This review first appeared in the Tally Sheet (Summer 2015, Volume 61, Number 3)


By Bruce Nichols. McFarland & Company, Inc.

Bruce Nichols is an analyst in the Department of Defense and currently lives in St. Louis.  He wanted to produce an in-depth account of all guerrilla operations in Missouri and has created four paperbound volumes due to the amount of material available: Volume I, 1862 (2004, 256pp., 978-0-7864-6927-7); Volume II, 1863 (2007, 389pp., 978-0-7864-6928-4) (illustrated above); Volume III, January-August 1864 (2014, 479pp., 978-0-7864-3813-6); and Volume IV, September 1864-June 1865 (2014, 453pp., 978-0-7864-7854-1).

With the thousands of volumes published on the American Civil War and even down to the subject level of these books, one is prompted to ask “Is there any more than can be written on the topic?” The simple and obvious answer is “Yes, of course”. It would take, however, somebody with a memory of multi-computer capabilities to work out what was new in these four recent volumes; a task, unfortunately, far beyond this reviewer. But, with over 1,500 pages, there will be something new here for every reader. Each volume divides Missouri into four quadrants: northwest, northeast, southeast and southwest, and within these the year is split into the four seasons, except of course Volumes III and IV where complete years are not covered. This enables the reader to see the relationship of seemingly isolated events to other events in a given area over a period of time. Additional chapters are included, covering specific topics, such as in Volume I, “Operating Deep Behind Enemy Lines”, ”Policy Evolves (March through May 1862)”, and “The Enrolled Missouri Militia: Guerrillas’ Controversial New Enemy”.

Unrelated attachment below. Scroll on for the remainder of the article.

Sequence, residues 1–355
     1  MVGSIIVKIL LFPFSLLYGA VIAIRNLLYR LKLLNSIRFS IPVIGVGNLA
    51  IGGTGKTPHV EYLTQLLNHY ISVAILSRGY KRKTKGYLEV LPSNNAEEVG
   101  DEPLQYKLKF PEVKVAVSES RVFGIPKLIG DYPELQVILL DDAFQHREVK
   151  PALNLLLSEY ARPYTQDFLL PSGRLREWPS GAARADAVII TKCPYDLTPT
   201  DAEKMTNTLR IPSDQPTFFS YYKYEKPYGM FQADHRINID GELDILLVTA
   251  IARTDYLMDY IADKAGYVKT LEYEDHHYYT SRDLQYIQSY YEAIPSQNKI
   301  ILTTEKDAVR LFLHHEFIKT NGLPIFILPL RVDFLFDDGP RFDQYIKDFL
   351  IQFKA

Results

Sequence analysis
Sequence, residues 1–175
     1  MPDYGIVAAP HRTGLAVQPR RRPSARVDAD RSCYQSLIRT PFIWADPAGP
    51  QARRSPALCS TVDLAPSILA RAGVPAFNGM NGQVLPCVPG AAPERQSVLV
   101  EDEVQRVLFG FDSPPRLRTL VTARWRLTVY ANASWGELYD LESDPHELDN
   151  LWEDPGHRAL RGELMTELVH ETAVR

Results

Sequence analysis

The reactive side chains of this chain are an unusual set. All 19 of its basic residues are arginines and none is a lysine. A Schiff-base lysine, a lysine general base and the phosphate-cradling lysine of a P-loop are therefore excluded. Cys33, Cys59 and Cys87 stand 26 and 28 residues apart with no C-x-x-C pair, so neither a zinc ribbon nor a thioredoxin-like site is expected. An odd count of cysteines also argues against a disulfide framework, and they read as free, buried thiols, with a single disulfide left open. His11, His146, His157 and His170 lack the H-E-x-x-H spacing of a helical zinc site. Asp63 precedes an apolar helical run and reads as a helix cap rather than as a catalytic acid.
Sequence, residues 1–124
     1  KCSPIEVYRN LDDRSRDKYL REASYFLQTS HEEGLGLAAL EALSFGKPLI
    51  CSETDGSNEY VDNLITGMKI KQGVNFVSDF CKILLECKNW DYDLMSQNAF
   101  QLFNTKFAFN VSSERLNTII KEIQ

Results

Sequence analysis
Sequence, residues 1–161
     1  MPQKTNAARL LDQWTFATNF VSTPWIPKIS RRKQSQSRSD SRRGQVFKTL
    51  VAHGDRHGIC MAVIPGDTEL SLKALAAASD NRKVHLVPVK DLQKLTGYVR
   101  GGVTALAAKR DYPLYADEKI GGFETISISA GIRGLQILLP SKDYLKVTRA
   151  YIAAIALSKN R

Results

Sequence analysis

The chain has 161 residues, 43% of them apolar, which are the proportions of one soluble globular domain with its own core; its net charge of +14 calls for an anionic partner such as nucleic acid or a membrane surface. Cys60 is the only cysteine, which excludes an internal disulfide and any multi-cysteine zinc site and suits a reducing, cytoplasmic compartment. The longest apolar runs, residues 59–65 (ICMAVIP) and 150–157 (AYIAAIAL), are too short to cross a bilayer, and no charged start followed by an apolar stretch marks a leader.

As one might expect from such publications, there are notes, a bibliography, an index and numerous illustrations: both maps and photographs. The bibliographies consist of Manuscripts, Missouri Civil War newspapers, Missouri Post-Civil War newspapers, periodical articles, U.S. Government Publications, Missouri Government Publications, Military Unit Histories and Memoirs, County and local Histories, and books. Those interested in the Missouri guerrillas will have heard of, or may have in their collections, some of the source books (in Vol. I, the thinnest): Bartels, Castel, Connelley, Eakin and Hale, Edwards, Fellman, Monaghan and Shoemaker to name but a few. Others will possibly be new to some people.

Anybody interested in Missouri guerrillas should have these four volumes on their book shelves. They are highly recommended and well-worth buying.

Robert J. Wybrow



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